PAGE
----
from .sister import foo
from . import brother
from ..aunt import bar
from .. import uncle

Absolute vs Relative Imports in Python – Real Python, statement is defined as a call to the __import__() function, with the appropriate arguments. In Python 2, one could write from <module> import * within a function. In Python 3, the from <module> import * syntax is only allowed at the module level, no longer inside functions. Sources: Changes in import statement python3; Python 2 modules documentation; Python 3 modules documentation; What’s New in Python 3.0; Appendix: List of Always Built-in Modules

Added another case to Michał Górny's answer:

Note that relative imports are based on the name of the current module. Since the name of the main module is always "__main__", modules intended for use as the main module of a Python application must always use absolute imports.

The Definitive Guide to Python import Statements, is a convenience to the programmer and is not technically needed to write complete Java program. To check if an object is a file, as in isinstance(f, file). The recommended fixer addresses the first use: it will rewrite all calls to file() to open() . If your code uses the name file for a different function, you will need to revert the fixer’s change. The fixer does not address the second case.

How To Import Modules in Python 3, any packages that have been installed to those locations. Changes Already Present In Python 2.6¶ Since many users presumably make the jump straight from Python 2.5 to Python 3.0, this section reminds the reader of new features that were originally designed for Python 3.0 but that were back-ported to Python 2.6.

Java import Statement, This has changed in Python 3.3: now any directory on sys.path with a name that matches python3 -c "import" Hello from complaining about relative imports in a non-package or beyond the top-level package for  The import statement has two problems: Long import statements can be difficult to write, requiring various contortions to fit Pythonic style guidelines. Imports can be ambiguous in the face of packages; within a package, it's not clear whether import foo refers to a module within the package or some module outside the package.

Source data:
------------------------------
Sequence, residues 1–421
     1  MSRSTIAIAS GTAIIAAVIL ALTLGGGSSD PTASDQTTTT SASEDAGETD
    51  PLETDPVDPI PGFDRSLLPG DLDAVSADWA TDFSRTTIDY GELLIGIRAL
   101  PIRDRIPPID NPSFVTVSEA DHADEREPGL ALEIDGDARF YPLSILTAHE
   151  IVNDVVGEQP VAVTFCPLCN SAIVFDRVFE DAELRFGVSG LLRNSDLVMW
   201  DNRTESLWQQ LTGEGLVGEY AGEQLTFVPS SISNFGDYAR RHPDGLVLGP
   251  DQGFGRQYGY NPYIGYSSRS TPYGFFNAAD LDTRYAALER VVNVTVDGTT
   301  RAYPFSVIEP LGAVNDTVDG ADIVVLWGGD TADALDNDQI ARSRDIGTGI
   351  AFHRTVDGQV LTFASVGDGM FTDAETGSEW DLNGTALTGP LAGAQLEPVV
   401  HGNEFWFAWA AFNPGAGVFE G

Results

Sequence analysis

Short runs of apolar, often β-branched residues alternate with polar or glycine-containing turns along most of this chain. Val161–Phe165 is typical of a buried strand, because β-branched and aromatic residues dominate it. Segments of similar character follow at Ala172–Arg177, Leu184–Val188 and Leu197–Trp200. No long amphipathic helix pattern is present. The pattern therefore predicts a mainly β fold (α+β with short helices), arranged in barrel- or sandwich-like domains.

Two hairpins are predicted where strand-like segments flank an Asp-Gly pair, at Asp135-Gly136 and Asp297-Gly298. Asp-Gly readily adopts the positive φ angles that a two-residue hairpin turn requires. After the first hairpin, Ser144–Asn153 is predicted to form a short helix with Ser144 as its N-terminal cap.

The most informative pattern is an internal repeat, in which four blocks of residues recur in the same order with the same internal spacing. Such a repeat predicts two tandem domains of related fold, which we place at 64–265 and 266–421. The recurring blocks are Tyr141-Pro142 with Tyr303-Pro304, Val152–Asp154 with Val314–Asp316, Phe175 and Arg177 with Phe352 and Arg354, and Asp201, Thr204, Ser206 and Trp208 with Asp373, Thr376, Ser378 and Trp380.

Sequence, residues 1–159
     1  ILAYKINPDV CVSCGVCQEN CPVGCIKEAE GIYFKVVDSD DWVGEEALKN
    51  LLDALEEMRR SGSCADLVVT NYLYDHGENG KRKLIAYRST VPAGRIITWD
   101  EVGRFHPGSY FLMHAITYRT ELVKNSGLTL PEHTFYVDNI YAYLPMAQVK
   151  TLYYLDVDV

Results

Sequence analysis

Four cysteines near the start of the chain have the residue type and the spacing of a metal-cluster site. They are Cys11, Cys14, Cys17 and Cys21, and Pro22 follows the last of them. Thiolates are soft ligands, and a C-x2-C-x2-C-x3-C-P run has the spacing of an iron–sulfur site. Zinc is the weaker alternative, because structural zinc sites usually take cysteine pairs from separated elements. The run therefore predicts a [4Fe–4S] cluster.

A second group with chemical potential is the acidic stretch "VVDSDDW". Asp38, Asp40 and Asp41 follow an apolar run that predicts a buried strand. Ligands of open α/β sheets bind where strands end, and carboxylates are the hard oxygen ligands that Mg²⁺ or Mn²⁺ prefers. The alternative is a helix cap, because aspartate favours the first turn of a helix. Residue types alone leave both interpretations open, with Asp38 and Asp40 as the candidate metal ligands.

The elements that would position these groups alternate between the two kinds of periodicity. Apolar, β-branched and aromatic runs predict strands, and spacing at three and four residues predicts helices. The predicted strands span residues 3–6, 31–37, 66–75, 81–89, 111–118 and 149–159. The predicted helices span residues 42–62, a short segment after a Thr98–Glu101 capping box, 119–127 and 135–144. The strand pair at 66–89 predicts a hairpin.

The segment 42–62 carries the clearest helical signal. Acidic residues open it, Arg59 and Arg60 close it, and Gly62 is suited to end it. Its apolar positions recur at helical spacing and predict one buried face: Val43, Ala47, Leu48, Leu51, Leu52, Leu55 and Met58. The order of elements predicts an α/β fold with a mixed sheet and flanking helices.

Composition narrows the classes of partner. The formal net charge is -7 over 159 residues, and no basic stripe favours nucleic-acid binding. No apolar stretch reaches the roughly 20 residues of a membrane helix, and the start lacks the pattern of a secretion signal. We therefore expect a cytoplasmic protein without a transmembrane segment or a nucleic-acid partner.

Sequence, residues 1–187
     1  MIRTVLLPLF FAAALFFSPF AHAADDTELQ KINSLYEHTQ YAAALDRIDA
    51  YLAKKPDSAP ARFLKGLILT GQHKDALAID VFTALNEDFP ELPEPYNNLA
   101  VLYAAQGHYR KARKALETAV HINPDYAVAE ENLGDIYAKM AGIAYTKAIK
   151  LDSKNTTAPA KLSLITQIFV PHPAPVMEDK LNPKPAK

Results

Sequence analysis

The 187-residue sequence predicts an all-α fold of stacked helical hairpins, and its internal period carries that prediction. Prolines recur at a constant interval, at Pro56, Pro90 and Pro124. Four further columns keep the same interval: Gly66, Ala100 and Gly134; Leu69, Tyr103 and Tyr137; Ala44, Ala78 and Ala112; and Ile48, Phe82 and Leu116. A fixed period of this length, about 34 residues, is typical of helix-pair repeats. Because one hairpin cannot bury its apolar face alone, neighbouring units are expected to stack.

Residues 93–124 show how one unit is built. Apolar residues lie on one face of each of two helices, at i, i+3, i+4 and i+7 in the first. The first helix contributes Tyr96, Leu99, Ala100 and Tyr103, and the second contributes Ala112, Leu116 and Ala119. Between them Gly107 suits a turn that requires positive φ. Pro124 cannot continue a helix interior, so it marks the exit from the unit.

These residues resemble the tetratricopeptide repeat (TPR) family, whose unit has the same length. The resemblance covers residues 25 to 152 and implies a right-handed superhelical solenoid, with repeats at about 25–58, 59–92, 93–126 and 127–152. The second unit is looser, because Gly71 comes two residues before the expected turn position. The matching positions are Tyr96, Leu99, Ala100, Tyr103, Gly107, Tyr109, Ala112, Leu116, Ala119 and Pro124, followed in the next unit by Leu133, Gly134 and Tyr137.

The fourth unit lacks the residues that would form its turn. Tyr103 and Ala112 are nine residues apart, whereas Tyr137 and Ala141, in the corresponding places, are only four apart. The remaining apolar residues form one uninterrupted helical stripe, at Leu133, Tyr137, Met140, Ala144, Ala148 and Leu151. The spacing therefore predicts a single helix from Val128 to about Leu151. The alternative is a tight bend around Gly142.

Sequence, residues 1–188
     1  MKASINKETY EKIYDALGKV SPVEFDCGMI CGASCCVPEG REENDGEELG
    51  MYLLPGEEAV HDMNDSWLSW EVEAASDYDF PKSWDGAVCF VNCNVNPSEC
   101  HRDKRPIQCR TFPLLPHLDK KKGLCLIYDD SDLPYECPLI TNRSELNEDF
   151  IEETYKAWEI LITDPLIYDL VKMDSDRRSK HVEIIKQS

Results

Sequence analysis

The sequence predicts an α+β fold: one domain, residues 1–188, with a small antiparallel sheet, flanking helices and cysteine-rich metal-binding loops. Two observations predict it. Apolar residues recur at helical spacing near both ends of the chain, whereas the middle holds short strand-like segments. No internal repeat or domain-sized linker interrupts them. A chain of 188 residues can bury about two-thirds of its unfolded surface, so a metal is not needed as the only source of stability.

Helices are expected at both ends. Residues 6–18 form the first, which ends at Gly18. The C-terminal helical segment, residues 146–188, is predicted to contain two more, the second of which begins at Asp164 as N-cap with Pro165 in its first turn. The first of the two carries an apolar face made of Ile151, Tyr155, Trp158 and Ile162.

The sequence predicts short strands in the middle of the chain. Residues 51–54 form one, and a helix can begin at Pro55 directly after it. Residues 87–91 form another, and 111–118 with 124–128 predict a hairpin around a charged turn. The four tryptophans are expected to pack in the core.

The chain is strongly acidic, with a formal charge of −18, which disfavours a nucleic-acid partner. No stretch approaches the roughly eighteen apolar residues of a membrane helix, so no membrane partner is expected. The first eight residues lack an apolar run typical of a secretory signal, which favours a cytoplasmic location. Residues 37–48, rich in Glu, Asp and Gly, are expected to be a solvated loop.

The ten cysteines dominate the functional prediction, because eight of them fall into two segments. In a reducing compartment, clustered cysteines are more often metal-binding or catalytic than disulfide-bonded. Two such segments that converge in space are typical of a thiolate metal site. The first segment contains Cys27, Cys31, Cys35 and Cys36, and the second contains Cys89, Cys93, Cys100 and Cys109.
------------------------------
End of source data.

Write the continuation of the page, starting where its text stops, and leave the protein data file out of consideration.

How does python find packages? // Lee On Coding // My blog about , py files or via the Python command line interpreter. In Python, modules are accessed by using the import statement. When you do this, you  Additionally, absolute imports remain valid even if the current location of the import statement changes. In fact, PEP 8 explicitly recommends absolute imports. Sometimes, however, absolute imports can get quite verbose, depending on the complexity of the directory structure.

  • Why was that decision made?
  • My guess is that idea behind it is 'Explicit is better than implicit.' from PEP20 - The Zen of Python. Dot before module makes relative/nonrelative linking explicit thus resolving possible name collisions. Although 'Readability counts.' suffers slightly.
  • No, in fact it was the "opposite", "practicality beats purity" decision. That was necessary in order to optimize local variable access inside functions, since without "import *", compiler always knows just by analyzing the code, what variables are local and can be looked up directly. In fact, functions don't even use a dict for local storage, but an optimized array where variables get unique indices.
  • import .brother gives me an invalid syntax error in Python 3.5. This is normal? I have in the directory it is in
  • import .brother is invalid syntax for both python 2 and 3
  • @RodrigoE.Principe and so seems to be import ..uncle. Fixed. Oh, what have I been thinking... probably got distracted by the knights who say Ni!